Thousands of Aboriginal people mainly from Melbourne and their allies gathered at the Kings Domain in Melbourne for the second "Invasion Day Dawn Service."
The event was convened by Gunnai-Gunditjmara woman Lidia Thorpe, a former Greens MP. In her opening statement she said the very first act of war in Australia was an act of war against Aboriginal people.
Echoing Aunty Di Kerr who‘d led the Welcome to Country ceremony a little earlier Lidia Thorpe said that today, 250 years after the invasion, war hasn’t ended on First Nations peoples.
“Our people have been locked up, killed in prison, children taken away, our land and water completely destroyed. So it is not just genocide. It is also ecocide of our environment, of our totems, of our Songlines. Almost a complete annihilation of our people.”
The former Greens MP added that having Aboriginal people walking and practicing culture and song is a testament to Aboriginal resilience and survival but this cannot be done by Aboriginal people alone.
She welcomed allies’ participation and solidarity adding that we are ultimately all in the struggle together.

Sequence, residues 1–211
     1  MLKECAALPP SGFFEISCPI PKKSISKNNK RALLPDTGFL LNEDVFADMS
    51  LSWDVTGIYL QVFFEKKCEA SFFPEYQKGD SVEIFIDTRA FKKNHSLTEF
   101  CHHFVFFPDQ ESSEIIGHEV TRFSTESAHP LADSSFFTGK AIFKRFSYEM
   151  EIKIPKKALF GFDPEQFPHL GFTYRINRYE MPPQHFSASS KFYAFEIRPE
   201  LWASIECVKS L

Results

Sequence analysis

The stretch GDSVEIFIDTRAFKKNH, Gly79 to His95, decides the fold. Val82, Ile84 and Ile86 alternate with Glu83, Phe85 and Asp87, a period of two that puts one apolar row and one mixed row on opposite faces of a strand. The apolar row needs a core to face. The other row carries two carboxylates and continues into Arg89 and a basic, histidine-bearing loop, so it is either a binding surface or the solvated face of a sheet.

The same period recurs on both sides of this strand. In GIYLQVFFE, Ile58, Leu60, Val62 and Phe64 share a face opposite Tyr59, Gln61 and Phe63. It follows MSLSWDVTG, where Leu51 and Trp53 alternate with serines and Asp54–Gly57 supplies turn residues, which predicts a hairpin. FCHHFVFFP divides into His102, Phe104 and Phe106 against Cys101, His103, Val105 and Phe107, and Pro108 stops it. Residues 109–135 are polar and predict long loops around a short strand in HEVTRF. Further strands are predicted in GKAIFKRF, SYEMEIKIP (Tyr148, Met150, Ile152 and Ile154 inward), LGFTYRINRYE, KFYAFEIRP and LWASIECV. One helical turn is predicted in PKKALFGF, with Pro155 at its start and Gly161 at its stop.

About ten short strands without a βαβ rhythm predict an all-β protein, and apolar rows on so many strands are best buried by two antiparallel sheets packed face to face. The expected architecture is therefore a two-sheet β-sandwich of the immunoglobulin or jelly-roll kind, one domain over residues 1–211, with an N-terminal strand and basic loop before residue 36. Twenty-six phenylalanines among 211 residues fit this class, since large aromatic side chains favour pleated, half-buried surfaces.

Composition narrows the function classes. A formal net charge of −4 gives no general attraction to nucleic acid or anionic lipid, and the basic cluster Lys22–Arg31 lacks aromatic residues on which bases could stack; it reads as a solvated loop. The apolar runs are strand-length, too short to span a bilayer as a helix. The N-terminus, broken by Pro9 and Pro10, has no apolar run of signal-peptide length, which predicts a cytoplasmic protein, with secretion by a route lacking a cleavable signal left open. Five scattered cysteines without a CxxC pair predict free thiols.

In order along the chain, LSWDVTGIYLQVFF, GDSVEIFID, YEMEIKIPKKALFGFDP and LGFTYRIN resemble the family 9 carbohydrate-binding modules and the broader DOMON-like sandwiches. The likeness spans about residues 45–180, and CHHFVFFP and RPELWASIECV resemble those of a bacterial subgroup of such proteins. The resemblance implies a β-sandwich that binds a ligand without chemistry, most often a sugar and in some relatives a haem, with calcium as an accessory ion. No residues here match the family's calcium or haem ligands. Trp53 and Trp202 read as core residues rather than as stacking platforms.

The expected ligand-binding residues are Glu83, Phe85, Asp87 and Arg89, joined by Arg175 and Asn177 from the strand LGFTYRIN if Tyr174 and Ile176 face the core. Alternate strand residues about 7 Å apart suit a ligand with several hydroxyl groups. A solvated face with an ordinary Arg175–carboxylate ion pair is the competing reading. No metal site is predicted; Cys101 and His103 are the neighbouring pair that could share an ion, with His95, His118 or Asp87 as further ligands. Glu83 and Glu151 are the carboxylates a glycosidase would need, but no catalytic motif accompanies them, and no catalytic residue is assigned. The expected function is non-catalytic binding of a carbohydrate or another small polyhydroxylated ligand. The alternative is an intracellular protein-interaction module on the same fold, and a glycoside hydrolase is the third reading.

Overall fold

“Our Mother is crying for help. Our Mother is our land, our Mother is our water and earth and she has been crying for a long time. And you are all starting to see how angry she is.”
The Gunnai-Gunditjmara woman added that Aboriginal people have the solutions to heal our Mother and they want to share that. The Dawn Service is one way of sharing.
“It is coming together on our Day of Mourning and sharing some of the load that we carry with us every single day. That load of trauma, of anxiety…”
After the opening speeches Aboriginal elders and delegates from all corners of Victoria and as far afield as Lutriwita (Tasmania) and Noongar country (WA) came forward to read the names of known victims of Frontier Wars and colonial massacres including the dates, places and names of the perpetrators.
The proceeding ended with a healing smoking ceremony in which all the attendees participated.